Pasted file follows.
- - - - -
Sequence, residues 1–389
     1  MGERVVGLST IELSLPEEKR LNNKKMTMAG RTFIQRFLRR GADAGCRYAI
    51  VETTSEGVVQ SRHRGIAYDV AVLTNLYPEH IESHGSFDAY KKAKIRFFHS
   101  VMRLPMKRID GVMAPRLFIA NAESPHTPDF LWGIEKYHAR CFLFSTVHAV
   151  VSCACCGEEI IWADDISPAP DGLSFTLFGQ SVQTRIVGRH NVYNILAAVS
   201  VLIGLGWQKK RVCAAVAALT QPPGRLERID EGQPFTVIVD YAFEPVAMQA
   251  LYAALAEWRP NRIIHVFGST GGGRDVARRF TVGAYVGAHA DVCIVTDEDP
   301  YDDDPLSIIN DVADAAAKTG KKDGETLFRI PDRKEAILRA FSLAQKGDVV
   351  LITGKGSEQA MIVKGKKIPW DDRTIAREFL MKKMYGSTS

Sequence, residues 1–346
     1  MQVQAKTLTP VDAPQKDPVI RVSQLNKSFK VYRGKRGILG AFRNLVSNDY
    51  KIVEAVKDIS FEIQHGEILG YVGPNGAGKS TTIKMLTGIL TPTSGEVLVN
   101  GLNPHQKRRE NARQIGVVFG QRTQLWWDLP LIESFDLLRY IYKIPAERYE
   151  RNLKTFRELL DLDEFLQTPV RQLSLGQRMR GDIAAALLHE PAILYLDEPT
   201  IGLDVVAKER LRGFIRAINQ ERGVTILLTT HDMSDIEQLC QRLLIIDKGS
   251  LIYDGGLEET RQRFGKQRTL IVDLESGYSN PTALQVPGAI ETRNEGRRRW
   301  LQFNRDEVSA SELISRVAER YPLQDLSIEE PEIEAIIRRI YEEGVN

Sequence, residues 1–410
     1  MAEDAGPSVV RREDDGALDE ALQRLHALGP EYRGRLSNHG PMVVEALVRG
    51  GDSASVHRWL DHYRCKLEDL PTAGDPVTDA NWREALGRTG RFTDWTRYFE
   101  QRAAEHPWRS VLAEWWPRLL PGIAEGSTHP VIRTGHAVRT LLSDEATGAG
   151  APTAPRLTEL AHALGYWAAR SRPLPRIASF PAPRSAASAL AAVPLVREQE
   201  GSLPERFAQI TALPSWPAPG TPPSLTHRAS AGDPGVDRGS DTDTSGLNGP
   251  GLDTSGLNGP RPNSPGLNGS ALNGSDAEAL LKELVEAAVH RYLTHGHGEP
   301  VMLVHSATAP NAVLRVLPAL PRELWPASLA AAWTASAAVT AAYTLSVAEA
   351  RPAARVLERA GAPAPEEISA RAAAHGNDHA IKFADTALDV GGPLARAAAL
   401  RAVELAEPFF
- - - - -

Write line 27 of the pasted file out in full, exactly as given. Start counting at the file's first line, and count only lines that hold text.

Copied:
   401  RAVELAEPFF